According to the article, trade between India and Cuba used to be quite strong back in the 1980s, with Indian exports to the island totalling about USD300 million a year. But bilateral trade collapsed in the 1990s due to the demise of the Soviet Union ... and the fact that the Castro regime simply refused to pay its "outstanding debts".
Luckily for Havana, the Indians appear to be a very forgiving lot - not only have they cancelled the outstanding debts but are offering new lines of credit.
The publicity-savvy daughter of Raul Castro is making news this weekend following officially-sanctioned celebrations in Havana to mark International Day Against Homophobia - only the second time such an event has been held in Cuba.
And as you can see in the photograph above, this time around, Ms Castro has been joined at the event by none other than Ricardo Alarcon, the head of the rubberstamp Cuban parliament, an old ally of Fidel Castro and still among the top dozen bosses of the decrepit Communist Party.
Needless to say, the foreign media was there in force to record this "unprecedented openness", as you can see from this Associated Press report.
Now, it'd be churlish to criticise Ms Castro's work on behalf of one of the most marginalised minorities in Cuba. But her ability to essentially whitewash the atrocious treatment of Cuban homosexuals over the past 50 years by the regime led by her uncle, her father and the likes of Ricardo Alarcon is, well, breath-taking.
However, it's good to see that while Ms Castro seems to suffer from selective amnesia, some others do not.
The Spanish daily El Periodico has published an article about the celebrations in Havana in which the journalist speaks to a number of homosexuals who survived the worst of the Castro brothers' homophobic repression.
One of these is identified as Lila, a 40 year old artistic director who says her treatment by the regime was in fact quite common for most homosexuals during the 1960s, 1970s and as last as the mid 1980s.
"I was thrown out of university, I was dismissed from several jobs, I suffered discrimination, including discrimination by members of my own family, and then [the regime] accused me of being abnormal, sick ... and a counter-revolutionary," she says.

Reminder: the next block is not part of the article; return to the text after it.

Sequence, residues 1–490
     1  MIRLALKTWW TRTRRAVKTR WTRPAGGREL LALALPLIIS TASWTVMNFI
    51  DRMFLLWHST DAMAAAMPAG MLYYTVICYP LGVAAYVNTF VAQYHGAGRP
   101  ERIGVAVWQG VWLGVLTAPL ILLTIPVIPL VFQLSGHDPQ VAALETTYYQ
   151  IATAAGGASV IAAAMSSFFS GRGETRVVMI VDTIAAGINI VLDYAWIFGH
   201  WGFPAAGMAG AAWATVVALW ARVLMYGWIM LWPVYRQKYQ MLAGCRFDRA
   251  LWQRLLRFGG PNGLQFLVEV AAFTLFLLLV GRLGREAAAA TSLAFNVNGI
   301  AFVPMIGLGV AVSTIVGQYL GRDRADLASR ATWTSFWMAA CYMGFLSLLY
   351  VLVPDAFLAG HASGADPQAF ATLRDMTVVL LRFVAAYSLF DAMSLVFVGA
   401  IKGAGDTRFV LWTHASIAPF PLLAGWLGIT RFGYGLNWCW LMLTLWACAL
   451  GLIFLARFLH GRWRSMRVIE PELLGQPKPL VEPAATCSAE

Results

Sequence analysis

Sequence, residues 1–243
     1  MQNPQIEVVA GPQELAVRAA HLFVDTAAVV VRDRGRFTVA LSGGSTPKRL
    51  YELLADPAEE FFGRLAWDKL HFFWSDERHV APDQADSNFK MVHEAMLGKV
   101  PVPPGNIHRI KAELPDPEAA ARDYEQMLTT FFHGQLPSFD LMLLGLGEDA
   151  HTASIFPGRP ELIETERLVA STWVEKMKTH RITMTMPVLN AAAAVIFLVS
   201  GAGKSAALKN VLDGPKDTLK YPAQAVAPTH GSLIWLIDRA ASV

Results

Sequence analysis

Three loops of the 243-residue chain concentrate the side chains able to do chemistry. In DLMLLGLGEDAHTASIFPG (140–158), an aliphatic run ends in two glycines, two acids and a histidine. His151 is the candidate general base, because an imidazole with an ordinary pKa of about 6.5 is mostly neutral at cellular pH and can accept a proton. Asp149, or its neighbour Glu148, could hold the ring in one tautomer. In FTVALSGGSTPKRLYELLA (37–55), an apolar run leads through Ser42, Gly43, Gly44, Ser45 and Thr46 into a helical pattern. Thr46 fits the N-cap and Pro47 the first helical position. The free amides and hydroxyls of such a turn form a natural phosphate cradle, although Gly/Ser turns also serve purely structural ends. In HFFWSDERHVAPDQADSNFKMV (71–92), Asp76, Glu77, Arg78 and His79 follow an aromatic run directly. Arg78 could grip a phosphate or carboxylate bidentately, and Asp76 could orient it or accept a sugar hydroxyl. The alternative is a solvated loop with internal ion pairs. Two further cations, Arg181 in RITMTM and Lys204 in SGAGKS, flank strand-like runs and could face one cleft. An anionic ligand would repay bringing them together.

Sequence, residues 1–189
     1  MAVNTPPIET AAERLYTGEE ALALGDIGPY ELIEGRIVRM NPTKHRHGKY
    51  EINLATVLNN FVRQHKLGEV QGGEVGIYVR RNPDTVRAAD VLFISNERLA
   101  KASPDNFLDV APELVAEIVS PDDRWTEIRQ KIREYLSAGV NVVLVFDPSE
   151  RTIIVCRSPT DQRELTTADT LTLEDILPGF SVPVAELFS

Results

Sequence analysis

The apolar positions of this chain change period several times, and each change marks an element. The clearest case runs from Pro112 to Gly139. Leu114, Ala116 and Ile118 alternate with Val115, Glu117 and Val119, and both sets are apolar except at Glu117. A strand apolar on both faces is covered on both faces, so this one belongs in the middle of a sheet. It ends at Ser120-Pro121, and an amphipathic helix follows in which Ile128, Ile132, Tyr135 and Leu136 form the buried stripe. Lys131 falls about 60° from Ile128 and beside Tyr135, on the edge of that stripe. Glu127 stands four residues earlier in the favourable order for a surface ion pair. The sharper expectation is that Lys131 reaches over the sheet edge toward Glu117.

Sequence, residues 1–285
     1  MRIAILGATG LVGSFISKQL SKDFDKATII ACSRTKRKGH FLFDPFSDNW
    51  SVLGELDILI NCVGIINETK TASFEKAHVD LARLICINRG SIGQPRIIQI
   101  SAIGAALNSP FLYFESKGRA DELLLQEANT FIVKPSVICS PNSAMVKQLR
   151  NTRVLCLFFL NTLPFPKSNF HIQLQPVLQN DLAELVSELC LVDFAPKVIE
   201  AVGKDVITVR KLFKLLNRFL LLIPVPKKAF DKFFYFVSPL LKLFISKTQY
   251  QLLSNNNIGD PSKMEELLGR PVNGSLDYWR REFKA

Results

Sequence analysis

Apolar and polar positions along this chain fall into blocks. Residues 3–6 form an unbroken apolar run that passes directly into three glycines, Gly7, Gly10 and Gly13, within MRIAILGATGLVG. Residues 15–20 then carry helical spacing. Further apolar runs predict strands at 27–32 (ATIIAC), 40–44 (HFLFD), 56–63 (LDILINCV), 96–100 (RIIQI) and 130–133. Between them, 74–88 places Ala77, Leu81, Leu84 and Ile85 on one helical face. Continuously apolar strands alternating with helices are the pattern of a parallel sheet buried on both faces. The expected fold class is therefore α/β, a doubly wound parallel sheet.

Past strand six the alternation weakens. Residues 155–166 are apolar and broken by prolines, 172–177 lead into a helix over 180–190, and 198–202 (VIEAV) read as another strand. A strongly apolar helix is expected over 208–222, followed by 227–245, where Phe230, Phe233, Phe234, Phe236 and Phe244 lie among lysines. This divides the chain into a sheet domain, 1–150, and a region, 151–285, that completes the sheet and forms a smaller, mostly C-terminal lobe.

"But I am still here, while the vast majority of those who tried to wipe me out are now living in the United States."
In case you are still wondering what the hierarchy of the Catholic Church in Cuba thinks about Raul Castro and his "reforms", I point you in the direction of an article just published by the Catholic News Agency.
The agency quotes at length from an editorial published in the latest issue of Espacio Laical, the official magazine of the Archdiocese of Havana and therefore, the official voice of the Catholic leadership on the island.
Using the sort of convoluted, innofensive language that has become the norm for such statements, the editorialargues that given his "revolutionary" credentials, Castro II is the only one capable of producing changes that are described as "gradual, dramatic and profound".
“Intellectual leaders and the Catholic Church have expressed confidence in the new Cuban leadership, pressing it for gradual change,” the editorial continues. "And they have communicated to the political leadership in a climate of trust and respect the issues that in their judgment need to be changed.”
Trust. Respect. Judgement. I am sure Raul Castro is all ears.
"The cigars I smoked in Seville were my first since I was in Cuba … 15 years ago. Strange, all the egalitarian advances in that decade and a half (first names all round, the slow death of the tie, affordable restaurants ...) and yet, thanks to the US trade boycott, the Cuban cigar continues to burn brightly as the plutocrat's prop of choice."
Columnist Robert Crampton waxing lyrical inThe Times, London, about great Cuban cigars.
Under the headline, "Cuba embraces golf to boost tourism", Reuters reports on plans by the Castro regime set aside "ideological objections" and embrace golf, "the most capitalist of sports".
It seems investors from Canada and Europe have proposed building "gated communities" on the island, complete with luxury hotels, villas and ... 18 and 36-hole golf courses.
One of those advising the would-be investors is Mark Entwistle, a former Canadian ambassador to Havana, who told the reporter: "Old-school objections to golf on ideological grounds have fallen away ... "
After ignoring the hopeless and depressing reality of daily life in Fidel Castro's island paradise for decades, influential media outlets in the US and elsewhere appear to have finally woken up and started lifting their self-imposed silence. About time.
The latest (and much welcomed) report comes from Carol J Williams of The Los Angeles Times, who writes from Havana on how the regime's much-hated two-currency system "adds up to a social divide".
The subject of Ms Williams' report is a woman called Rosa, a 72-year-old pensioner who lives in truly appalling conditions in Marianao, trying to get by on her monthly State pension of 164 pesos - or about USD7.00.